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Supervisors agree to pause heated debate with town over fire truck

Jason Dunovant

Dec 21, 2023

ROCKY MOUNT — The Franklin County Board of Supervisors has paused discussions with the Rocky Mount Town Council over the funding of a new ladder truck for the town’s volunteer fire department. The decision follows months of increasingly bitter debate between the two governing bodies.

A vote on a new funding proposal between the county and the town was postponed by the Franklin County Board of Supervisors last month due to the absence of Boone District representative Ronnie Thompson. With everyone present at Tuesday’s meeting, supervisors decided the best course of action was to take breath and wait until the new year.

“What’s happened here is the politics has gotten plumb out of hand,” Thompson said. “We need to quit fussing and fighting and arguing and come together as a community to work together to resolve this.”

The debate is over a ladder truck ordered by Rocky Mount earlier this year for $2.3 million, scheduled to be paid upon delivery in 2025. The town held an emergency meeting at the time to order the truck due to the cost increasing to $3.5 million if it waited for the next round of trucks to be available.

When financed by the town over 20 years, the overall cost of the $2.3 million ladder truck is expected to increase to more than $4 million.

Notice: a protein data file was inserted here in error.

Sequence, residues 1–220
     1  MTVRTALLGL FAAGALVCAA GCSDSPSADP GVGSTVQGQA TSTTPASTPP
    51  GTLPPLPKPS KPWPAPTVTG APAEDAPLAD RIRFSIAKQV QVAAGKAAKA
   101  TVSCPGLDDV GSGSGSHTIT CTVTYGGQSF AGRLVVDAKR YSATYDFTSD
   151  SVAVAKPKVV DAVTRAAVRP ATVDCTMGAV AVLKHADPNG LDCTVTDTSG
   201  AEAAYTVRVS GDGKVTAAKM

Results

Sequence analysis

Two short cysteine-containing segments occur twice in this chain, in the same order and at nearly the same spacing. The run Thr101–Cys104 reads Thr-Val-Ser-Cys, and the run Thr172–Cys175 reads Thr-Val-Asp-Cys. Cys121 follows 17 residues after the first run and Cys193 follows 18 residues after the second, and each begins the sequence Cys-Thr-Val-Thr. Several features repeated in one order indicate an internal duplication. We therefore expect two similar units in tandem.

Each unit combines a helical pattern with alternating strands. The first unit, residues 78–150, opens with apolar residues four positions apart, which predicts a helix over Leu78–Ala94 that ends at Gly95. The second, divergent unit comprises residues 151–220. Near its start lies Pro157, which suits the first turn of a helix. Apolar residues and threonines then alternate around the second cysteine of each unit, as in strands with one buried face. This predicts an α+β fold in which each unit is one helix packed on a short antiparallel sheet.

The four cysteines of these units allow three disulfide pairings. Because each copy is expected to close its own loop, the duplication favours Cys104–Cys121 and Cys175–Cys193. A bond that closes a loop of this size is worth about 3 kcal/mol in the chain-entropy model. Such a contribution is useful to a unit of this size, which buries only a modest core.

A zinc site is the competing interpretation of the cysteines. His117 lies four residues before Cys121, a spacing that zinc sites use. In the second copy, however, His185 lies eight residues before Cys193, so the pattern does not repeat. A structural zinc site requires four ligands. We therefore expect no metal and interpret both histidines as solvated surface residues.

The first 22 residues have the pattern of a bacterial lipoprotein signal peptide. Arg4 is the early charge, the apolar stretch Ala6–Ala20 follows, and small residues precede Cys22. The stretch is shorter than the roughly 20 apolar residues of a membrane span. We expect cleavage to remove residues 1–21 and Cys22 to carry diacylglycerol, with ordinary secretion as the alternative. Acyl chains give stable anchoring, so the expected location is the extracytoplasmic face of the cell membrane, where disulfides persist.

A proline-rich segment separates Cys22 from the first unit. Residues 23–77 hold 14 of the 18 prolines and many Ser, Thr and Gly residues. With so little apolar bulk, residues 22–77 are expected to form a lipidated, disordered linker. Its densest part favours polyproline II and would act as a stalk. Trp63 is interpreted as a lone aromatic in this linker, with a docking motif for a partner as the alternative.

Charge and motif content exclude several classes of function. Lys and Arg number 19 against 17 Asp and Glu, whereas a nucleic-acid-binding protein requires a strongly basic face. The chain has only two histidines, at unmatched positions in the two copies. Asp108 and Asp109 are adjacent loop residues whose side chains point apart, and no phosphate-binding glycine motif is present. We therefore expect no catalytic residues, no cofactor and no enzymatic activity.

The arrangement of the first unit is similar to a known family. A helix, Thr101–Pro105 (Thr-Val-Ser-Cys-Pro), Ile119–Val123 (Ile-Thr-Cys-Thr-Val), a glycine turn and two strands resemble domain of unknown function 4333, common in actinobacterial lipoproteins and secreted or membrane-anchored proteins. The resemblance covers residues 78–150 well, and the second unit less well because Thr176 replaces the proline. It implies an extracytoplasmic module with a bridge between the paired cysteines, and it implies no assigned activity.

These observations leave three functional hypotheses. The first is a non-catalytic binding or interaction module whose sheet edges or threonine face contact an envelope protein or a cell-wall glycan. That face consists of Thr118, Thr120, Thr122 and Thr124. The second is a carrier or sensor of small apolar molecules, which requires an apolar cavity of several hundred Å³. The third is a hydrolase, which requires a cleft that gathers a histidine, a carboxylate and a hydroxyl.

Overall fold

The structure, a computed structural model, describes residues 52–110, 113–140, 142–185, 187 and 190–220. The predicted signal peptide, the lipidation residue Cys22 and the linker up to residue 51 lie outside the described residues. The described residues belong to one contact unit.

With the cost of the ladder truck and because the Rocky Mount Volunteer Fire Department runs more than 60% of its calls outside the town limits, the Rocky Mount Town Council decided to request additional funding from Franklin County. County staff say they currently allocate approximately $90,000 per year to the town’s volunteer fire department, more than any other fire department in the county.

The Rocky Mount Town Council initially made the request for additional funding in June in the amount of $200,000 annually for the next 20 years. In August, the Franklin County Supervisors offered to provide an additional $50,000 per year for the next 20 years. That offer was rejected by the town council.

A proposal last month by Blue Ridge District representative Tim Tatum would have the county provide an increasing amount of funding for the town’s new ladder truck over the next 20 years. It would start at $50,000 next fiscal year and slowly increasing annually until it would max out at $200,000 for the final five years. The total amount provided by the town would come out to $2.45 million.

Rocky Mount council members said last month they would be willing to accept the deal, but several supervisors seemed strongly against it, which led to a delay in voting to wait for Thompson. On Tuesday, he agreed with the majority of supervisors that the best course of action was to delay.

Gills Creek District representative Lorie Smith said the debate had taken a life of its own over social media. She urged supervisors to wait until next year to have a joint meeting between the two groups to “clean the slate” and end the fighting.

“There is a lot of consternation on this board as we sit here today because the relationship has gotten degraded and deteriorated which hurts me greatly,” Smith said. “We are better than that. We must be better than that.”

Tatum agreed the best decision was to wait to assure that both sides come to the table willing to come to an agreement that is best for residents of the town and the county. He also emphasized that town residents are still county residents as well that pay county taxes.

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